That trend never fully emerged, of course—employers were hesitant to drop group coverage in favor of offering individual policies, some were likely concerned that many employees would not be able to secure coverage in the individual market, some others drawn to the tax advantages. Many viewed the benefit as an important tool in attracting and retaining a strong work force, and surveys, including EBRI’s Health Confidence Survey (HCS), suggest that workers do, in fact, appreciate the offerings.

EBRI’s Paul Fronstin notes that the combination of insurance market reforms and the embodiment of the exchange structure² in PPACA have brought a renewed focus on limiting the employer’s health care cost exposure by providing a fixed-dollar contribution that workers could use to purchase individual policies. He notes that the vehicle that some are interested in using for providing coverage is a private health insurance exchange, through which employers might be better able to accelerate the drive toward a more mass consumer-driven insurance market—and in the process gain more control over their health care contribution costs, while shifting to employees the authority to control the terms (and to some extent, the costs) of their own health insurance.

This should sound familiar to those who have watched similar motivations lead to the shift in retirement plan emphasis from pension plans to defined contribution/401(k) retirement benefits. The question is, will the combination of factors provide employers with the “all clear” sign to undertake changes they have, thus far, been hesitant to take? And if that all clear sign is given, will employers all jump in at once?

 Notes

¹ In addition to a historical perspective, the July 2012 Issue Brief examines the issues related to private health insurance exchanges, the possible structure of an exchange and how it can be funded, as well as the pros, cons, and uncertainties to employers of adopting a private exchange. MORE.

² Fronstin notes that private exchanges are already in development partly because of the uncertainty related to the status of state-based exchanges. Development of several of these were postponed, pending resolution of the PPACA’s constitutional challenge. Several Republican governors have said they will refuse to establish state-based exchanges, leaving them to the federal government to run. As recently as March 2012, the majority of states had still not taken the necessary steps to establish an exchange.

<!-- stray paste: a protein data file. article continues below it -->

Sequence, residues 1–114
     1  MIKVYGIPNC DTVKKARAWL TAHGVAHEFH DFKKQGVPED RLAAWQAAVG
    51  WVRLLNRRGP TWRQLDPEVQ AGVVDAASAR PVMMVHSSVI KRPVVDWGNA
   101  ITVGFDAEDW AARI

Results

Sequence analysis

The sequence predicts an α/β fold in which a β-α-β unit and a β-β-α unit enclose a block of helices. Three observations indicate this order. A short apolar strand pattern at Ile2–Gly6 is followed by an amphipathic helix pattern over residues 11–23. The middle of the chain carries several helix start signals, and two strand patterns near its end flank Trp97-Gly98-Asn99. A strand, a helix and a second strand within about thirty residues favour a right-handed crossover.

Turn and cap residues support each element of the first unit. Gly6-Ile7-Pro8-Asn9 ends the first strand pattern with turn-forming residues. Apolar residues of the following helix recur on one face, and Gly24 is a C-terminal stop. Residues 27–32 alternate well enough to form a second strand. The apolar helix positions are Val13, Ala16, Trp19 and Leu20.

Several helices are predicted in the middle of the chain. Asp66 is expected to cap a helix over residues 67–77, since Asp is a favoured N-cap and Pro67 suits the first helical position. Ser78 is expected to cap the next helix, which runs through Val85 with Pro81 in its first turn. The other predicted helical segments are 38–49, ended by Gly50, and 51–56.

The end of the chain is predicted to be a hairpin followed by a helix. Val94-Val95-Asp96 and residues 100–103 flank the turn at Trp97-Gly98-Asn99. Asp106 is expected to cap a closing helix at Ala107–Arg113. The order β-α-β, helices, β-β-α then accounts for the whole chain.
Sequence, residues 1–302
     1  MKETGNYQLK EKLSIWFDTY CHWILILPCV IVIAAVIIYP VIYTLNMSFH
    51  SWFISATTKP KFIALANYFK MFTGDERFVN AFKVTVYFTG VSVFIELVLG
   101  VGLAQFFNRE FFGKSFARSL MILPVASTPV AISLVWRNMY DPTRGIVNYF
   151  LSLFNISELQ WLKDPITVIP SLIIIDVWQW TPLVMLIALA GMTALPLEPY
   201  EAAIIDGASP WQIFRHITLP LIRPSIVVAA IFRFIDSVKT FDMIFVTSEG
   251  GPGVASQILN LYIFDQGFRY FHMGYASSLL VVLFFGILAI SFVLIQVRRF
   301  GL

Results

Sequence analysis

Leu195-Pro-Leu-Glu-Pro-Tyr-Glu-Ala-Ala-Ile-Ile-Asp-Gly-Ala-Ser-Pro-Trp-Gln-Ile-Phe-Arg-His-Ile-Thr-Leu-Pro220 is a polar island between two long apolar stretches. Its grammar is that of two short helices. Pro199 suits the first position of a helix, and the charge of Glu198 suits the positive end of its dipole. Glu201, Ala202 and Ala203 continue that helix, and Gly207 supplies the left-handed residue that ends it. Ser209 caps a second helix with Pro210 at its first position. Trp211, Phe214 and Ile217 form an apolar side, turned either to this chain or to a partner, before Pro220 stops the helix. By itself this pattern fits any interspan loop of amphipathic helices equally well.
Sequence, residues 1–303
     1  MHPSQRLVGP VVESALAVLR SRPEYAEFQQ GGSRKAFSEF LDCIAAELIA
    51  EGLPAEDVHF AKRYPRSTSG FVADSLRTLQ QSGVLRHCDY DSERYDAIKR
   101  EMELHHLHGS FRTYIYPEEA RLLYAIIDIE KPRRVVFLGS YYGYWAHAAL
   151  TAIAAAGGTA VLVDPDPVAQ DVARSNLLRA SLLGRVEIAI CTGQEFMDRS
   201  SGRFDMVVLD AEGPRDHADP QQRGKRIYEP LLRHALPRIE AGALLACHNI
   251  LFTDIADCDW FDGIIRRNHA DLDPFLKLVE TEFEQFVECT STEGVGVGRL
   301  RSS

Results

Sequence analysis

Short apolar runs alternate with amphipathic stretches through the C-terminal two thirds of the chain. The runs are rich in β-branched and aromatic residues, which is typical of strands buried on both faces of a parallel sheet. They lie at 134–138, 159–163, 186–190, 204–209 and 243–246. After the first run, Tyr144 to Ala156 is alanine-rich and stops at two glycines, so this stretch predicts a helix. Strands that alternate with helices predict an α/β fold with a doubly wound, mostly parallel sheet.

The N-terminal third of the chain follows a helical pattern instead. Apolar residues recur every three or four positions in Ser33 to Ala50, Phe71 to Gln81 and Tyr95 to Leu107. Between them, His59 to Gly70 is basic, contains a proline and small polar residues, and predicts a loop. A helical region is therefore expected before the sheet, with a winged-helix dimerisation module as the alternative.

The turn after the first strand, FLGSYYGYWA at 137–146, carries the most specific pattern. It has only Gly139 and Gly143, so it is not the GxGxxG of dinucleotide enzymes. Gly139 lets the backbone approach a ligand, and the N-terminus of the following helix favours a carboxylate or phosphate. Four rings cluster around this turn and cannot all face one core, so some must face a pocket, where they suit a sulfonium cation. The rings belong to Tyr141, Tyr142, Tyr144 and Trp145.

Provider Networks, Premiums Key Factors in Health Plan Choice

When given a choice, most individuals with traditional health coverage say they chose that option because it offered a good network of providers, according to new findings by EBRI.

In contrast, among those with so-called consumer-driven health plans, most cited the lower premiums and opportunity to save money in a health account.

While close to half of all private-sector workers who have health insurance are offered a choice of health plans, most of those with a choice work for large firms, according to the report.

“Most Americans get their health insurance coverage from employment-based plans, yet most employers do not offer a choice of health plans,” said Paul Fronstin, director of EBRI’s Health Research and Education Program and author of the report. “Health plan choices are likely to expand via the expansion of insurance exchanges under the Patient Protection and Affordable Care Act, so it’s important to know how people make their decisions when they do have a choice.”

The EBRI analysis examines issues related to private health insurance exchanges (an integral component of the Patient Protection and Affordable Care Act, or PPACA), possible structures of an exchange, and funding, as well as the pros and cons of adopting them. A summary of recent surveys on employer attitudes are examined, as are other benefit program changes that might serve as historical precedents for a move to some type of defined contribution health benefits approach.